On whether Mookie Betts and Xander Bogaerts are untouchable:

“I have always tried not to say players are untouchable. The reason I have done that is because you never can tell when somebody makes you an offer you just can’t believe. If you have Miguel Cabrera, somebody may offer you two Miguel Cabreras. Probably not going to happen, probably never will happen, but unless you listen, you don’t know.

But I do think when you talk about talented young players, Mookie and Xander are two you think are going to be backbones of the organization for years to come. So that’s how you approach it, and then you see what’s taken place. I would be very surprised if they’re not strong parts of our lineup next year.”

On Hanley Ramirez’s offseason:

“Hanley actually was away for a while. He spent the first couple of weeks doing some conditioning. Then he went away for two weeks and he just got back from vacation with his family, so he’s just getting back in the country and just beginning his workouts at this time.

“We do think that his shoulder will be fine. It’s a situation where he’s rehabbing it, of course, and will continue to do that. We project that it will be fine going forward. He’s always going to have a little bit of structural problem with it. He’s had that for years. But nothing of major consequence to keep him out of the lineup. We do think that he will be fine.”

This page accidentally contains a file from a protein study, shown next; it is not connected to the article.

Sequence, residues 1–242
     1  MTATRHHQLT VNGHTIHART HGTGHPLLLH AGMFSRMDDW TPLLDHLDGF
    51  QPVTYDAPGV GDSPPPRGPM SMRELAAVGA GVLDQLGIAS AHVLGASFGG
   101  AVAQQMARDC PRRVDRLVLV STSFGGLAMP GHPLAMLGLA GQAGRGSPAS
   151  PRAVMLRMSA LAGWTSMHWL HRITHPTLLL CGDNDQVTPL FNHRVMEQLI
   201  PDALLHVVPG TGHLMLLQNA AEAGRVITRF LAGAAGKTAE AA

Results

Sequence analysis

On the risks of signing an ace:

“It’s always costly if you’re going to get top of the rotation starters, not only from a trade perspective, but also from a free agent perspective. Either way, it’s costly. We’ll have to just determine who we pursue, and I think also, as time goes on, I’ve seen organizations that try to get some players and it doesn’t end up working, well you have to go to Plan B, and a lot of time Plan B can get you to a situation where you have a good club. Ideally we’re looking for that type of guy, but only time will tell where it takes us.”

On when he knew he’d re-sign veteran Clay Buchholz: